County searches for new administrator

Photo from Sublette County administrator Matt Gaffney is seen at Fremont Peak in this undated Friends of the Bridger-Teton photograph. Gaffney is retiring after 12 years of service to the county.

Matt Gaffney retires next month

SUBLETTE COUNTY — After just three years in the position, county administrator Matt Gaffney is retiring no later than Nov. 4. Gaffney told the Pinedale Roundup Tuesday that he is “looking forward to retirement” and spending time with his grandkids.
He added he is “grateful for these last 12 years” and wishes “all the best to the commissioners and the county.”
Gaffney was first hired on Nov. 15, 2010, as deputy county attorney, a position he left in August 2019.
He was then rehired in October. The Board of Sublette County Commissioners adjourned from an Oct. 1, 2019, two-hour-long executive session and Commissioner Joel Bousman moved to offer the position of county administrator and human resources specialist to Gaffney. The motion was seconded by then-Commissioner Mack Rawhouser and passed with the support of then-chairman David Burnett. Commissioners Tom Noble and Doug Vickrey voted “nay.”
Noble and Vickrey also cast dissenting votes when the rest of the board set Gaffney’s annual salary compensation at $95,000.
According to a three-page job description for a “County Administrator with HR emphasis” posted Sept. 9, 2019, the position “provides the overall direction for all activities related to county administration, personnel, information systems, contract database management, grants and county safety program.”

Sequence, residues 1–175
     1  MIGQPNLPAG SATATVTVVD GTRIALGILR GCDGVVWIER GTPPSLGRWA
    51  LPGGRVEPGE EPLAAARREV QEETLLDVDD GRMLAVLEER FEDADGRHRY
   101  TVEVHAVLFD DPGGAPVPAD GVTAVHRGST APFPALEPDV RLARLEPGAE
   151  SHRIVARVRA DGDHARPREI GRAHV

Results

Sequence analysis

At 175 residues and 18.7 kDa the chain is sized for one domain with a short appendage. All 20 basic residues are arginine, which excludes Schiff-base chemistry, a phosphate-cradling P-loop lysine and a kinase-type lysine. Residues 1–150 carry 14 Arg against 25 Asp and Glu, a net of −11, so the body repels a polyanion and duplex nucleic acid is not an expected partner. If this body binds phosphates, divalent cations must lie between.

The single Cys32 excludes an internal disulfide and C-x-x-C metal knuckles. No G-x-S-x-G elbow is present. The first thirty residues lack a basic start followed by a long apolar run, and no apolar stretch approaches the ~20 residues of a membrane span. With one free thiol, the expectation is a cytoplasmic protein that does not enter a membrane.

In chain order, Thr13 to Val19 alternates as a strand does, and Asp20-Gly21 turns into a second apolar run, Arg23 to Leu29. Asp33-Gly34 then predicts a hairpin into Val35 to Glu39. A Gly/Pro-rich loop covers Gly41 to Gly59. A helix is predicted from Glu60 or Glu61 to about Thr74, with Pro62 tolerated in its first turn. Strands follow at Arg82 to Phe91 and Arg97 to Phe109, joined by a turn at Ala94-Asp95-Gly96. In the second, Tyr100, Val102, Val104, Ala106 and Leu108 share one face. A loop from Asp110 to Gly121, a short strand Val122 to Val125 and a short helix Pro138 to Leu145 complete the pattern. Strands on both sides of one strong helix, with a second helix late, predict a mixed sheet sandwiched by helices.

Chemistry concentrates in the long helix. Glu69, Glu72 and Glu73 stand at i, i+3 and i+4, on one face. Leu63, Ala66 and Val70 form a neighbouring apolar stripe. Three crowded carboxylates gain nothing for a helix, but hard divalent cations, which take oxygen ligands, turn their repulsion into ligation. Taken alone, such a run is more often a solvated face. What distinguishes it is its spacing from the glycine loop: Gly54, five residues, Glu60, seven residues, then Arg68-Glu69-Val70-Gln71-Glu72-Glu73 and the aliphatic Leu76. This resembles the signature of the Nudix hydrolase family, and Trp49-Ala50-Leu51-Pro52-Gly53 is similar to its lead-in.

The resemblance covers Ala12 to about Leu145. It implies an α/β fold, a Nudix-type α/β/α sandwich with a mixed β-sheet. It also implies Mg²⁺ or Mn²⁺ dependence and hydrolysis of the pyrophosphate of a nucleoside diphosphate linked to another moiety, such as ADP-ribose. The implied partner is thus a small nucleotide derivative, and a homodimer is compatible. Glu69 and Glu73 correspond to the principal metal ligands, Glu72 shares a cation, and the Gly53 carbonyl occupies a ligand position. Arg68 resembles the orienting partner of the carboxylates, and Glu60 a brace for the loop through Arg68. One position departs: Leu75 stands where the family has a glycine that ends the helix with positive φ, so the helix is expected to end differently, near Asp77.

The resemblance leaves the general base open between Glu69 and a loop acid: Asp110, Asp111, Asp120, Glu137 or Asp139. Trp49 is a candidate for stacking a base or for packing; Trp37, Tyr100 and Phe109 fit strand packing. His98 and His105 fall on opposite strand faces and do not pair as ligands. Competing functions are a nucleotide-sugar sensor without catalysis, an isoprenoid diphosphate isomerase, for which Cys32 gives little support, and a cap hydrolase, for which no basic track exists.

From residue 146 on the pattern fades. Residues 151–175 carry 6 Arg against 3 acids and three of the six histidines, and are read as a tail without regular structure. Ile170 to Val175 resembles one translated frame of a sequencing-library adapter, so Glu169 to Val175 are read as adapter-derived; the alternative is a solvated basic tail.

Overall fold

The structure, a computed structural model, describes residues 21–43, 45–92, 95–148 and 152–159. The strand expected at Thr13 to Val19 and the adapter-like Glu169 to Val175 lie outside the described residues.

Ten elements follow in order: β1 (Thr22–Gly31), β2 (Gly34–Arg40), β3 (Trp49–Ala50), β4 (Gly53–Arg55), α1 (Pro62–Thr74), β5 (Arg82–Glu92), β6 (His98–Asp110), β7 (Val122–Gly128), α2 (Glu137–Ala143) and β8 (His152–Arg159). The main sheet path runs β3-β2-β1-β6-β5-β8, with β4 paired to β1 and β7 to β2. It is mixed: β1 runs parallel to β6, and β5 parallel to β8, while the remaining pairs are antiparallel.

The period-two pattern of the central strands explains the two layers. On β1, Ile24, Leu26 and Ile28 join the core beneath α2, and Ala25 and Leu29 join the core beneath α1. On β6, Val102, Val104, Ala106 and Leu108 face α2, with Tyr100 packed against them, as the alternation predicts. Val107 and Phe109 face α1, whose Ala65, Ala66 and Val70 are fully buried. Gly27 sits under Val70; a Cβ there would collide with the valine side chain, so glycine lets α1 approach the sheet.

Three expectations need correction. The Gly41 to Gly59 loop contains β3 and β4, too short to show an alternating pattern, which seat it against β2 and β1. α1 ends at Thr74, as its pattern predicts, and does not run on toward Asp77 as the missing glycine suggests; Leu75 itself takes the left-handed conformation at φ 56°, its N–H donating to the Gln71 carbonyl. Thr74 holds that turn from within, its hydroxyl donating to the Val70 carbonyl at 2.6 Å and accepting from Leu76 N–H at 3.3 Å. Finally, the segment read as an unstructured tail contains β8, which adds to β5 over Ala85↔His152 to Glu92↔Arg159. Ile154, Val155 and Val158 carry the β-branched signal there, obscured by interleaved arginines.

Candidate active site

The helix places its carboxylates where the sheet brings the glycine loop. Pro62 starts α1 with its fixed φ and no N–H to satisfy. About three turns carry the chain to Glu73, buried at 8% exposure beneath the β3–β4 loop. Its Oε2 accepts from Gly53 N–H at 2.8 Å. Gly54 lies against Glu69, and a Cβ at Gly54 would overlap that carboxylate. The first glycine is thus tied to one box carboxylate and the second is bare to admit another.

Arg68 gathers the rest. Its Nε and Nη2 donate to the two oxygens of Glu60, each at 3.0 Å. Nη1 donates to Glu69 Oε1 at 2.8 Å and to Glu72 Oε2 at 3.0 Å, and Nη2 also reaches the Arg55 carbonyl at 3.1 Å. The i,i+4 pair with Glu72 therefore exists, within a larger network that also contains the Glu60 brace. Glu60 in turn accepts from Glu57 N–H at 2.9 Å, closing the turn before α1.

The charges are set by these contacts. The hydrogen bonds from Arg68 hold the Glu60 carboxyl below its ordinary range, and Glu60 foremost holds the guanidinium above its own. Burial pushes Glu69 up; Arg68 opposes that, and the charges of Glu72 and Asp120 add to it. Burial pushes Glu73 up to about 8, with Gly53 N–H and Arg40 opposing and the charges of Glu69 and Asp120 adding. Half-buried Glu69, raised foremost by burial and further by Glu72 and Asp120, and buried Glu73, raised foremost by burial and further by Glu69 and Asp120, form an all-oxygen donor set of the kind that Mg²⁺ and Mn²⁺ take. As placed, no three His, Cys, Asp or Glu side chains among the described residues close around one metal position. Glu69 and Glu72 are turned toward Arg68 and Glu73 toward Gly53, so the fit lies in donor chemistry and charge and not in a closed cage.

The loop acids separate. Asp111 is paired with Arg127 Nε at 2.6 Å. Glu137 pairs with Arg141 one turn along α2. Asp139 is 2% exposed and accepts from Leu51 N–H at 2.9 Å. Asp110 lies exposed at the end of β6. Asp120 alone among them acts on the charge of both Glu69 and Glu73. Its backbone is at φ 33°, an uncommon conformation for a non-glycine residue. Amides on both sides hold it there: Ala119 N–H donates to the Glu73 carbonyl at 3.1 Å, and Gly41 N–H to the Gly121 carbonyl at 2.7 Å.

Gaffney was one of 13 or 14 applicants interested in the position, and one of four interviewed.
A discussion about hiring a new county administrator and the job description is listed at 11:30 a.m. on the Oct. 18 commissioners’ meeting agenda. The meeting, open to the public, begins at 9 a.m. at the Marbleton Town Hall.
Administrator update
In his Oct. 4 update to the commissioners, Gaffney explained the county was awarded approximately $1.7 million under the Local Assistance and Tribal Consistency Fund through the American Rescue Plan Act (ARPA). The first payment of $850,000 is expected in the coming weeks while the second payment of the same will arrive in 2023. Gaffney said the money, “meant to act as replacement tax revenue that would have gone into the general fund,” can be used by the county for anything except lobbying activities. Gaffney told the commissioners there is no deadline by which the money must be obligated.

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